A man ran up to her and seized her horse’s bridle. A dense beard covered his lower face. He wore a dark cloak thrown over his shoulder. A knife glinted in his hand. She plunged her boot into his chest. He grabbed her foot, but she yanked away. She kicked the horse’s sides but the man’s grip didn’t relent.

Another man appeared on the other side of her horse. “Your gold,” he yelled in coarse Latin. “Give it.”

“Curses on you!” she shouted, trying again to pull her horse free.

The horse circled the man, rearing as she kicked its sides. Its front hooves nicked the man’s legs coming down and the man cursed as he lost his hold on the bridle. The second man grabbed her clothes as he tried to pull her from the horse.

Caerwin leaned forward to urge the horse to run, but the first man grabbed her leg and pulled her from the horse. She fell sideways, hitting the ground hard on her side. For a moment, she couldn’t breathe.

He stood over her with his knife held to her throat.

“We’ll take it then,” he said, crouching beside her.

She felt the knife blade press her skin. She watched him with a strange detachment. His breath stank. A scar marked his cheek. His hair hung around his face in oily strands. Yet there seemed to be some questioning in his stare. He hesitated.

“You’re of the tribes, are you not?” he said. As he spoke, the other man seized the familiar gold band. It yielded to his grasp, twisting off her neck. Visions of the salt man rose in her mind. This time she had no knife to defend herself.

The second man’s hands skimmed her breasts and down past her waist as he searched for more valuables.

“She’s got nothing,” he said.

“Go on then,” the first man said.

The second man ran away with her torque. Sounds of fighting continued. Dimly, she heard men shouting from the woods. Had all the legionaries died? Had Marcellus?

“Are you of the tribes?” the first man repeated.

“Cornovii,” she said hoarsely. “Of Britannia.”

His eyes flickered. She had thought he would mount her, but he stood up, holding the knife loosely as if he hadn’t decided what to do. She licked her lips.

He turned at the sound of a horse approaching at full gallop. Before she could speak, before she could even comprehend what was happening, a sword flashed through the air and the man’s head flew off his body. His torso bent slightly as he fell backwards.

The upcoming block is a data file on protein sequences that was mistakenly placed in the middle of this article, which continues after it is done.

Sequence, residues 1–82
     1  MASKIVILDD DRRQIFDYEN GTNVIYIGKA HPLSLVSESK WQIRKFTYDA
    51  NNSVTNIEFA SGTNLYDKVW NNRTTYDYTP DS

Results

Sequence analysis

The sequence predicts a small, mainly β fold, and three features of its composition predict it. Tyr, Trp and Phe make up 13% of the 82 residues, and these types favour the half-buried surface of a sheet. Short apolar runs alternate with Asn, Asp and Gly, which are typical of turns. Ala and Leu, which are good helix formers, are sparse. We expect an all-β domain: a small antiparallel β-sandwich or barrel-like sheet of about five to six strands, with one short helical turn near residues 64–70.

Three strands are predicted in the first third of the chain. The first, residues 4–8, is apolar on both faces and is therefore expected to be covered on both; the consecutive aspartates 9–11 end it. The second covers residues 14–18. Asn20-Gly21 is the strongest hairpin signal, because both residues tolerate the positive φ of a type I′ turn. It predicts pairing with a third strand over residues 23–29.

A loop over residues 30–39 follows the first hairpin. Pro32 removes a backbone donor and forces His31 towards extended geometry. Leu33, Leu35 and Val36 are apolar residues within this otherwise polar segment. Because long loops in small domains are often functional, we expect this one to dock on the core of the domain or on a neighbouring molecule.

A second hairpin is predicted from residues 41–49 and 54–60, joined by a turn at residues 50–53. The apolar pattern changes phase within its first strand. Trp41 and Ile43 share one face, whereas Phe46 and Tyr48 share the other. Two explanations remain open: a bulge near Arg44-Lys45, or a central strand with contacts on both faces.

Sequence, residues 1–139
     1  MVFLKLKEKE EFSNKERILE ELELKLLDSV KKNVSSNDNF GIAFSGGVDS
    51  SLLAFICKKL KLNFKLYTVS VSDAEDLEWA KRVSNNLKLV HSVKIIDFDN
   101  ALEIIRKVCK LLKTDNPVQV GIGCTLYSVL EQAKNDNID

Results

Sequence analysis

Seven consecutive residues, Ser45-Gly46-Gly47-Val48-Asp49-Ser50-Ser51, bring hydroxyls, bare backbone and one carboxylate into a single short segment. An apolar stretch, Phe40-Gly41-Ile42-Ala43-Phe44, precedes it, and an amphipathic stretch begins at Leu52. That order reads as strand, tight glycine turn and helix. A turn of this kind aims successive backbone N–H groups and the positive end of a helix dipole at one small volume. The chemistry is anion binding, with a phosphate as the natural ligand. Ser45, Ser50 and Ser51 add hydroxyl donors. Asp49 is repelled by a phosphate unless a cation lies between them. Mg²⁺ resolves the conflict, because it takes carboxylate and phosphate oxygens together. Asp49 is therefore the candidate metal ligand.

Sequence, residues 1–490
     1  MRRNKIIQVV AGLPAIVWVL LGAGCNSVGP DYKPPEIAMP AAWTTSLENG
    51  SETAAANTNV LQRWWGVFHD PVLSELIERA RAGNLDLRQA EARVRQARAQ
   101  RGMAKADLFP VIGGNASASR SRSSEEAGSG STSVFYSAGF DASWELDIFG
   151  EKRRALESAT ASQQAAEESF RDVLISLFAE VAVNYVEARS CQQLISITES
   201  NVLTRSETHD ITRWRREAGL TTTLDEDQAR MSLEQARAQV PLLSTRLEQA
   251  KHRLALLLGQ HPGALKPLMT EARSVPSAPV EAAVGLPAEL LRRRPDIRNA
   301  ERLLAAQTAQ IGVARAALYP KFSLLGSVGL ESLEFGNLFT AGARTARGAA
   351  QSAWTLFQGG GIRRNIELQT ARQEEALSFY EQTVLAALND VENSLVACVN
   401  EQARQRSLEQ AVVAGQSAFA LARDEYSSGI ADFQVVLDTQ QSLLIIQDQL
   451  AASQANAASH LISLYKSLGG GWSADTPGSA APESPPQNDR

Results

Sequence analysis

The horse’s hooves skidded to a stop, throwing up dirt. In moments Marcellus knelt beside her, his eyes black as night.

“Are you harmed?” he said.

Stay tuned for more excerpts as this project rolls forward! So excited to see what happens next!

Sci-Fi/Fantasy vs Historical Fiction — What’s the Shared Ground?

braid promo copyI think every reader shares a fascination with alternate worlds. Thus the appeal of not only science fiction and fantasy but also historical fiction. In Caerwin and the Roman Dog, I explore the past as it existed at the height of the Roman Empire and the end of Celtic control over Britannia.

In my work over the last year in putting this novel together, I reached the obvious conclusion that research is the key to authoring a good book. It doesn’t matter if the story centers in the past or the future, or even in the present day. Building a believable setting where the characters will interact means making sure that the ‘world-building’ is effective. What did they eat? What was the weather? What were their daily routines?

In my novel, the setting is the Shropshire area of England, a place near the River Severn that borders Wales. Elusive mists shroud ancient hillforts where Rome’s legions pursue their conquest of the native tribes. Despite greater numbers, native warriors wield weapons and armor far inferior to Roman arms. (Details of Roman armor can be seen on my “Romans” Pinterest page.) The biggest difference, however, rests in Rome’s military organization—the army functions like a well-oiled machine.